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orion Re: perspectives, Essenes

I will try again. Since:
	Pliny's source clearly referred to Qumran/En Feshkah. The scrolls
embody the views of Essenes with as much fidelity (or more) as one can
reasonably expect of ancient historians. The new Qumran ostracon, even with
various letters which reasonable people can question, is clearly a act of
conveyance whose closest parallel is surely Serek hayahad which is surely
Essene.  The scrolls include the Hebrew self-designation 'osey hatorah
which led to the name "Essenes."
	Aside. Lena Cansdale, despite questioning many views, repeats
(p.22) the near-ubiquitous mistake (popularized in part by Rengstorf): "It
is interesting to note that nowhere in the scrolls so far deciphered does
the name "Essene" appear."  That conclusion is really a "fiction of
scholarship." A.D. Crown (p. 59) is cited as offering an etymological
proposal: sin-nun-aleph, "to hate." (That makes about sixty different
proposals so far; but the presence of the nun is problematic for Essaioi.)
Interesting that Crown associates Essenes with "hate."  In his summer
abstract Crown wrote the following. Please interpret it for yourself: "If
one ignores the Essene identification one could make a case if one tried
for the scrolls to represent the the Samaritan point of view..."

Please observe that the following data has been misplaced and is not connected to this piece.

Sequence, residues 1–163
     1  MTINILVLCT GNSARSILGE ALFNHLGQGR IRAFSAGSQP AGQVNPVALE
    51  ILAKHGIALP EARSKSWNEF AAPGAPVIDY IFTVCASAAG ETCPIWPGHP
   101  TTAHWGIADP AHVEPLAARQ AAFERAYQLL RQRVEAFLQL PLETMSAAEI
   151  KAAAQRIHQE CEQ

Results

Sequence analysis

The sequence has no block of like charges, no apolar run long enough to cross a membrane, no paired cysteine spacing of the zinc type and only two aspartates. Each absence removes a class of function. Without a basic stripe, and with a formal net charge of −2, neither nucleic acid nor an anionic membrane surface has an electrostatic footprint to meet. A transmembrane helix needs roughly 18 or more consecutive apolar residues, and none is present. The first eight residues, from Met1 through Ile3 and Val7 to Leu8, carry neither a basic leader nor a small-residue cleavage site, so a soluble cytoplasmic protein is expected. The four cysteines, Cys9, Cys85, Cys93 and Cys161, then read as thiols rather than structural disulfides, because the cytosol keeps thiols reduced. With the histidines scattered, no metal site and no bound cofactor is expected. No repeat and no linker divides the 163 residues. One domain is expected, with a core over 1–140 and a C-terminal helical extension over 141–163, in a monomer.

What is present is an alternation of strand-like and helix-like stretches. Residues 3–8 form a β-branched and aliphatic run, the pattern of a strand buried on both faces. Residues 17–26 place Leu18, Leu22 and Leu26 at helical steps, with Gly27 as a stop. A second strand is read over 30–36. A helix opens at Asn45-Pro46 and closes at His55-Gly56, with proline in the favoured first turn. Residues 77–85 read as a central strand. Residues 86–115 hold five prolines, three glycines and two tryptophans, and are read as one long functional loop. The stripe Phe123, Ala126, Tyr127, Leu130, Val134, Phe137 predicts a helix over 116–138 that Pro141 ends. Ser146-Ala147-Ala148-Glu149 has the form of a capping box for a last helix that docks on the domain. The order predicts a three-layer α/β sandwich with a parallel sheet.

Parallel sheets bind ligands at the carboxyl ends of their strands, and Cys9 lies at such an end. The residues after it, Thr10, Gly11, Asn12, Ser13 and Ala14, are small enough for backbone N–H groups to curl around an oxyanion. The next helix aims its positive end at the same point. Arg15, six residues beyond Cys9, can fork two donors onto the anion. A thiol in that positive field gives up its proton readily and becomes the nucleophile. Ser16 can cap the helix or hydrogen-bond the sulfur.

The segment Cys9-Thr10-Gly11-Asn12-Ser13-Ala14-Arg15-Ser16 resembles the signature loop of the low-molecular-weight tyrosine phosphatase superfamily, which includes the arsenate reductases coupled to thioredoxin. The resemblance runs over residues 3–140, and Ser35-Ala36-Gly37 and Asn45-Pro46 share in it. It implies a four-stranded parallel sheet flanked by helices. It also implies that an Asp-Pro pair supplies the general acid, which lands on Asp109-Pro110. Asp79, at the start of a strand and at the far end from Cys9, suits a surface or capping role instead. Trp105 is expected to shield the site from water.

The real question for open-minded historians is not whether Qumran
and Essenes are related, though anyone is free to try to keep the two
hermetically separated, if they wish.
	Relevant questions include:
	To what extent were the ancient historians inadequately informed or
did they select or color their presentations for certain audiences or
rhetorical intentions? What differences and developments occurred within
the Essene movement?
	What role was played in history writing by non-Essenes who, in some
cases, either admired or hated the Essenes? What can we learn about the
history of Judaism and Christianity which influenced the various ways
Qumran study has been approached (not surprisingly) with some
presuppositions?  For example, consider, if you will, whether events of the
Sixteenth Century still influence us: the way in which Azariah de' Rossi
brought Philo back to the awareness of Rabbinic scholarship;  the
Protestants and Catholics arguing about Therapeutae and Eusebius and
monasticism; J.J. Scaliger sowing the seeds of "the Maccabean hypothesis"
of Essene origins. These and other questions, not to mention politics and
academic politics. Not to mention Rabbinic Jewish responses and reactions
to Essenes. Not to mention possible influences of Essenes on some varieties
of Christianity, varieties which do not survive in any continuous tradition
till today. This history has not been adequately written. We do have
	Submitted by Stephen Goranson   goranson@duke.edu